Archives: Year B-S19 -Year A-S18 - Year C-S17 - Year B-S16 - Year A-S15 - Year C-S14 - Year B-S13 - Year A-S12 - Year C-S11 - Year B-S10 - Year A-S9 - YYear C-S8

Year B-S7 - Year A-S6  - Year C-S5 - Year B-S4 - Year A-S3  - Year C-S2 - Year B


A Lectio Divina Approach to the Sunday & Weekday Liturgy



N.B, Please let us continue to pray for deliverance.





Loving God,

you are the author of Life

and the Lord of creation.

We thank you for the wonders of our being

and the marvels of creation.

We trust in you

for your faithfulness

is our buckler and our shield.

With you the terror of the night

does not overwhelm us

nor the plague that prowls in the darkness.

We now turn to you

as the pandemic of the Corona Virus

casts its shadows of death upon us.

Deliver us from this calamity

and free us from this pestilence.

Spare us from the scourge of this disease.

Heal those who are afflicted

and welcome into your bosom the victims deceased.

Help us to work together in a concerted effort

to fight this torment.

Be near to us

and let the Spirit of life

breathe its healing comfort upon us.

Restored in your grace,

may we give you thanks and praise

in the assembly of the redeemed

as we proclaim the healing power of the Risen Lord Jesus Christ,

now and forever. Amen.





Week 2 in Ordinary Time: January 17-23, 2021



(The pastoral tool BREAKING THE BREAD OF THE WORD: A LECTIO DIVINA APPROACH TO THE SUNDAY & WEEKDAY LITURGY includes a prayerful study of the Sunday liturgy from various perspectives. For the Lectio Divina on the liturgy of the past week: January 10-16, 2021 please go to ARCHIVES Series 19 and click on “Baptism – Week 1 Ordinary”.



January 17-23, 2021.)


Also enclosed is the Lectio Divina for the Solemn Feast of Santo Niño, which is celebrated in the Philippines on the Sunday after the Baptism of the Lord. This year 2021 is very significant. It is the 500th anniversary of the evangelization of the Philippines, the land of my origin The Filipino Christians are deeply grateful for the light of faith they have received.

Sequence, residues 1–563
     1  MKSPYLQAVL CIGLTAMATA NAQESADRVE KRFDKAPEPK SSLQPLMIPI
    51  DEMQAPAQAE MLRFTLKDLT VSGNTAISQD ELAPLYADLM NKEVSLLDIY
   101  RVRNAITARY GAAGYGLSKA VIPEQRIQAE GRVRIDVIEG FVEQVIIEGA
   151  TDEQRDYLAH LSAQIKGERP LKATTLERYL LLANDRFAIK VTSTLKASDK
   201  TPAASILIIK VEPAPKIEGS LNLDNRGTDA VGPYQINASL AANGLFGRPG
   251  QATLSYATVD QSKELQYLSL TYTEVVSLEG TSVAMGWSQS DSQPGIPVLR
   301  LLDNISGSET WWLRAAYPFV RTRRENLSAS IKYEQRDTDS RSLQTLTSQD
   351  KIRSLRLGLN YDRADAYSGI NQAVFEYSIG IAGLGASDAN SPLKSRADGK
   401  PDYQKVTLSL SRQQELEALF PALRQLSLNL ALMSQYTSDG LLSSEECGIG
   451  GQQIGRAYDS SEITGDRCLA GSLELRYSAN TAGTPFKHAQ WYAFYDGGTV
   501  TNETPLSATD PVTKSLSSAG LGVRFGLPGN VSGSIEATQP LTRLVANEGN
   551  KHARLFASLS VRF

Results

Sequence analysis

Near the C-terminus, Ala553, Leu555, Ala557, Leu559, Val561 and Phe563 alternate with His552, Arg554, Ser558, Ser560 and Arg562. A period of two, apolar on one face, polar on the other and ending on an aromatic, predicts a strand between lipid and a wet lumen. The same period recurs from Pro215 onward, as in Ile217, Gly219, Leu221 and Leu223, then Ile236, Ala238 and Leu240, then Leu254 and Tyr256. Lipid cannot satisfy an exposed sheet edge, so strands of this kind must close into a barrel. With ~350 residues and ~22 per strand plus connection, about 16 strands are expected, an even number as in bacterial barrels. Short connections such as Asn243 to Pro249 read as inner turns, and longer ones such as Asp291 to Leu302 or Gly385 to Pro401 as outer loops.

*** *** ***



“JESUS SAVIOR: He Invites Us to Come and See”




I Sm 3:3b-10, 19 // I Cor 6:13c-15a, 17-20 // Jn 1:35-42





A. Gospel Reading (Jn 1:35-42): “They saw where he was staying and they stayed with him.”


In today’s Gospel reading (Jn 1:35-42) Jesus Christ initiates the dialogue of discipleship: “What are you looking for?” Andrew and his companion respond with a question pregnant with meaning: “Where are you staying?” Jesus answers them, “Come and you will see”. Instead of a pat answer, Jesus offers an invitation to journey with him on the path of discipleship and into a deeper personal relationship with him. The positive and ready response of the disciples to the Incarnate Word’s invitation is inspiring: “They went and saw where Jesus was staying, and they stayed with him.” As the Word made flesh dwelt among us and stayed with us through his eternal healing presence, so the first disciples remain with Jesus, the incarnate Word and divine Teacher.


Having experienced the life-giving intimacy and power of Jesus, the Word of life, the disciple Andrew shares the Word. His inevitable response is to find someone else to share the joy of his personal encounter with the Messiah. His mission of sharing the Word bears fruit. Basil of Seleucia remarks: “Andrew was the first to become an apostle … Taking Peter with him; Andrew brought his brother to the Lord, thus making him his fellow-disciple. This was Andrew’s first achievement: he increased the number of apostles by bringing Peter to Christ, so that Christ might find in him the disciples’ leader.”